The Balloon Pilot
He said he’s never had a “grown up” job, but Ivy balloon pilot Rick Behr uses plenty of grown-up skills in his job. In 37 years of firing up his hot-air balloon at the Boar’s Head Inn, there’s never been an injury, thanks, he said, to obsessive attention to weather conditions and conscientious maintenance. Then there’s a certain amount of mature diplomacy needed for the thousands of interactions with the public, some of whom are anxious, difficult, or uncertain about the outcome of a marriage proposal made while aloft.
Over the years he’s learned a few things: “We used to serve champagne on board, but no more.” People can celebrate afterwards, on level ground, with a photographer. Although he attributes his safety record to experience and caution, he’s the first to say that blind fate played a large role in his choice of career.
His prospects as a young graduate of the University of Colorado were pretty grim: He had drawn a very low lottery number in the days of the Vietnam draft. “It was pretty certain I’d be going,” he recalled. “All that was needed was a physical exam.” He had spent four years playing soccer so he knew he was unlikely to fail the physical. While waiting to be called up, he worked as a substitute teacher and crewed on a boat bound for the Bahamas.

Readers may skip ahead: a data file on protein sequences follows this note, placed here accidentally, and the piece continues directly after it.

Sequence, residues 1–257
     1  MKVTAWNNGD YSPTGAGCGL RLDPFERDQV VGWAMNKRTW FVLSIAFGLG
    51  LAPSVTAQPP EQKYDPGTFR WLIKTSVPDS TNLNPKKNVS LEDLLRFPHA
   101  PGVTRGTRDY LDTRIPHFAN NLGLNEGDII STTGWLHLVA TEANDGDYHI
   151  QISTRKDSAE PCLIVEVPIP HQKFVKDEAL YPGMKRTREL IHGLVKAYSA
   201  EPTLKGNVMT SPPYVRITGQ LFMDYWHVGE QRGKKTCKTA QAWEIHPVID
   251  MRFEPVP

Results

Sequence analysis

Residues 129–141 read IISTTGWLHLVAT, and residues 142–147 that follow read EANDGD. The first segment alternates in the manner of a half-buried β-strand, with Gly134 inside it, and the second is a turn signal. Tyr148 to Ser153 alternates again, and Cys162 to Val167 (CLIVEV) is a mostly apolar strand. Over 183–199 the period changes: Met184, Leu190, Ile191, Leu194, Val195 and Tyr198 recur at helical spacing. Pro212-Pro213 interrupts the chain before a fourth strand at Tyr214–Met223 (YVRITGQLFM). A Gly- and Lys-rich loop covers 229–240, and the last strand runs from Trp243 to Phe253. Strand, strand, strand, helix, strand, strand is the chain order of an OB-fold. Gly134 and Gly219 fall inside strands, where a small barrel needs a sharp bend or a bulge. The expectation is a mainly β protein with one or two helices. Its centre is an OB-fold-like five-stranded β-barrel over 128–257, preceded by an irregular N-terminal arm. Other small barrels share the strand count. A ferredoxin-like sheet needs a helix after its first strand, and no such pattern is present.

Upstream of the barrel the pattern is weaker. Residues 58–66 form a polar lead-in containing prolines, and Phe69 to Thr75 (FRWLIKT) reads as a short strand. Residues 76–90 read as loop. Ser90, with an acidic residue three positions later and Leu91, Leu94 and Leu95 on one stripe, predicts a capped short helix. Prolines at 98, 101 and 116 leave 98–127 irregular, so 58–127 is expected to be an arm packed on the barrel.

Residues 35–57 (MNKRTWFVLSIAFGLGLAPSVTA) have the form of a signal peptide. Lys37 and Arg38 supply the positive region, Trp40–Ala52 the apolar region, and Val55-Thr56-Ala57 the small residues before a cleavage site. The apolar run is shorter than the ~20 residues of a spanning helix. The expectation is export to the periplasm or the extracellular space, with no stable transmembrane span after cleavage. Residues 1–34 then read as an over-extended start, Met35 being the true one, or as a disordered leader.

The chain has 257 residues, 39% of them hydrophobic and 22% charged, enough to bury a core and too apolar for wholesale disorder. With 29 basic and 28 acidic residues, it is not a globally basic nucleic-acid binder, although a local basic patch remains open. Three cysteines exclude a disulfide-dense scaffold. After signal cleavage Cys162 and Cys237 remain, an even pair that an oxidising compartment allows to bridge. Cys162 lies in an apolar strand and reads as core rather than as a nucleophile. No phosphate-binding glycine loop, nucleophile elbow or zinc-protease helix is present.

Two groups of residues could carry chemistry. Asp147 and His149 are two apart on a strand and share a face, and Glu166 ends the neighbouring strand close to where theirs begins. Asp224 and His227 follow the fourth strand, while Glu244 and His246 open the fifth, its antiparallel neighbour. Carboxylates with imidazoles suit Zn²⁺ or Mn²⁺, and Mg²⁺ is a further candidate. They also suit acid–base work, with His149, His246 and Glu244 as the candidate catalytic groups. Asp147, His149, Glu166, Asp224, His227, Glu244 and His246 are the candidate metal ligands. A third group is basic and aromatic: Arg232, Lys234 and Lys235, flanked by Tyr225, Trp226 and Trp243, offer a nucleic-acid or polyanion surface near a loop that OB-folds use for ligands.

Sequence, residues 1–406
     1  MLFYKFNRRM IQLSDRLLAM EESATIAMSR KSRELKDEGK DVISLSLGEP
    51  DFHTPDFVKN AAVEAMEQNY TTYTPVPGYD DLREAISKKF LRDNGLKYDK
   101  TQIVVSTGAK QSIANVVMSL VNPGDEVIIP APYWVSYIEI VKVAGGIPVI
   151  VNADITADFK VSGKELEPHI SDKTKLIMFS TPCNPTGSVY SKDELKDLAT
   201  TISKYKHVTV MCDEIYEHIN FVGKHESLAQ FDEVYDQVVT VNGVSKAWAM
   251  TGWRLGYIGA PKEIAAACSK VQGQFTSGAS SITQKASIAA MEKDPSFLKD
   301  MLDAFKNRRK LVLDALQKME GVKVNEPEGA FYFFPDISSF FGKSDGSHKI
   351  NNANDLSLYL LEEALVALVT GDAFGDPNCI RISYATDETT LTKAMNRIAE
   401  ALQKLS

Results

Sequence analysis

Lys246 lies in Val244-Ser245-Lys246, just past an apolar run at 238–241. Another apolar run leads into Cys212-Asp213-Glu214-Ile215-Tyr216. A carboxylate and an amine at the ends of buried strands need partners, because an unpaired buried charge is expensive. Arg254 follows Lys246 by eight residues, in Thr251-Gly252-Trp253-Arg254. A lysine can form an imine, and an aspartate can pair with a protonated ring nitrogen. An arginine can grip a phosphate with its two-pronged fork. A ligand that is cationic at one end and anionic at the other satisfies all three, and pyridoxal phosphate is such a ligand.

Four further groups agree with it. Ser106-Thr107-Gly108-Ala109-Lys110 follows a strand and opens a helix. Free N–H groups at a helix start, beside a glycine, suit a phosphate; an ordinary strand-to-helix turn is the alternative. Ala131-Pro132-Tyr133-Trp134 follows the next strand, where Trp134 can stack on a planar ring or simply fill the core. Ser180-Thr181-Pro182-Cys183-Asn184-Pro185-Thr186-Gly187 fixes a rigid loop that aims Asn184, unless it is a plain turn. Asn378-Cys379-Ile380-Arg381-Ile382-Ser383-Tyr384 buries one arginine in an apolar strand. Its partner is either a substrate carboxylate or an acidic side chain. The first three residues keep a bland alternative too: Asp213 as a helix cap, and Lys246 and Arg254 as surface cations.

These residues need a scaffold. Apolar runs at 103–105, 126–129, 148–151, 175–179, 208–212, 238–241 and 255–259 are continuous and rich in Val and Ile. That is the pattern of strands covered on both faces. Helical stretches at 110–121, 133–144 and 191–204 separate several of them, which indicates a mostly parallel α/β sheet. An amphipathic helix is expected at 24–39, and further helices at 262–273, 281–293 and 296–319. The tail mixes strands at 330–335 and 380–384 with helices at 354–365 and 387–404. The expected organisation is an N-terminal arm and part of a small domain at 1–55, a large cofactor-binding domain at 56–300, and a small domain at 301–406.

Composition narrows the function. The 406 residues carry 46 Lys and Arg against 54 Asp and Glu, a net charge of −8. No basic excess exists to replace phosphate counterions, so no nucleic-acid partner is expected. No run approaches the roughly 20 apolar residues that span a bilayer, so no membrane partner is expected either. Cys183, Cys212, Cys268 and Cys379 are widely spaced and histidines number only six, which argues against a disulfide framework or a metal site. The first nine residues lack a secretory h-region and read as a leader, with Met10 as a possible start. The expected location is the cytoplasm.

When the time came, the procedure was to return to his family home on Martha’s Vineyard for the physical and to be inducted from there. Once he arrived––hitchhiking from Colorado–– the doctor found a heart murmur. “It never bothered me before or since,” he said. “But the service didn’t want me.”
A couple of chance encounters followed the diagnosis that kept him out of the jungle. One was with Buddy Bombard, a pioneer in the early days of adventure travel. Behr worked with the legendary adventurer in New York and eventually got his balloon pilot’s license in 1974.